- مبلغ: ۸۶,۰۰۰ تومان
- مبلغ: ۹۱,۰۰۰ تومان
A hybrid parallelisation technique for distributed memory systems is investigated for a coupled Fourierspectral/hp element discretisation of domains characterised by geometric homogeneity in one or more directions. The performance of the approach is mathematically modelled in terms of operation count and communication costs for identifying the most efficient parameter choices. The model is calibrated to target a specific hardware platform after which it is shown to accurately predict the performance in the hybrid regime. The method is applied to modelling turbulent flow using the incompressible Navier–Stokes equations in an axisymmetric pipe and square channel. The hybrid method extends the practical limitations of the discretisation, allowing greater parallelism and reduced wall times. Performance is shown to continue to scale when both parallelisation strategies are used.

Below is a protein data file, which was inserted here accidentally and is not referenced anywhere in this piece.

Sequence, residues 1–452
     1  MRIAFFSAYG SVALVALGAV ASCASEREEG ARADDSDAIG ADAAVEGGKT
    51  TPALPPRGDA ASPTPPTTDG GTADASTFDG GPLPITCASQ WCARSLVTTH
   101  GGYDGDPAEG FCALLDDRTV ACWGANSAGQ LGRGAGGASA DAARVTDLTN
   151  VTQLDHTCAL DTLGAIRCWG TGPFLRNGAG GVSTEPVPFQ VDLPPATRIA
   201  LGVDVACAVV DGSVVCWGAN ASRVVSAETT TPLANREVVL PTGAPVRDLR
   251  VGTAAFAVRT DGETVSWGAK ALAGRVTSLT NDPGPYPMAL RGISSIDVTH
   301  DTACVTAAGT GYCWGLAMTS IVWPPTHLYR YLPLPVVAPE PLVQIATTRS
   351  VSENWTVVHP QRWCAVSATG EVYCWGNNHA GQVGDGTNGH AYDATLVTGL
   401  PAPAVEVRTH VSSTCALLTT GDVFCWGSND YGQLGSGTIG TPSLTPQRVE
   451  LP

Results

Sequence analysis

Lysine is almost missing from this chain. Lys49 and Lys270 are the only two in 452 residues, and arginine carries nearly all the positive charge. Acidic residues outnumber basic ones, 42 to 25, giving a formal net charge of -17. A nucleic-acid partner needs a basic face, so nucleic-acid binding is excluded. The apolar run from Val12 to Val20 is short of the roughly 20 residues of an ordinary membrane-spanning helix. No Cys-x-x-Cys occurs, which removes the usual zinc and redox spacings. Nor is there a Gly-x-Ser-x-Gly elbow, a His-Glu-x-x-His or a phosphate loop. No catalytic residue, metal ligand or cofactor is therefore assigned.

In this paper we presented a technique to parallelise a 3D incompressible Navier–Stokes algorithm discretised using a 2D spectral/hp element mesh coupled with a Fourier expansion in a third geometrically homogeneous direction. The implementation enables a flexible mixture of both elemental parallelism and modal parallelism. We have illustrated the hybrid parallelism technique on two prototype problems: turbulent flow in an axisymmetric pipe and turbulent flow in a channel. Both problems enjoy increased parallelism through the approach and consequently improved runtimes and greater energy efficiency. The optimal weighting of these strategies can be systematically chosen through the construction of a performance model, calibrated to a specific system through measurements of the two parallelism approaches independently. This enables rapid selection of the highestperforming combination of the strategies without costly trial-anderror testing. In the modern HPC environment, where energy is of increasing concern, selecting the optimal implementation to maximise performance is becoming increasingly important. Although experience and intuition can generally suggest the most suitable parallelisation approach for a specific problem, the decision is in general highly challenging, particularly when moving between HPC systems or when tackling problems on a range of different domains with the same algorithm. Even from a purely theoretical perspective, it can be appreciated that a single parallel approach cannot be optimal in all situations and this has been confirmed through numerical experimentation.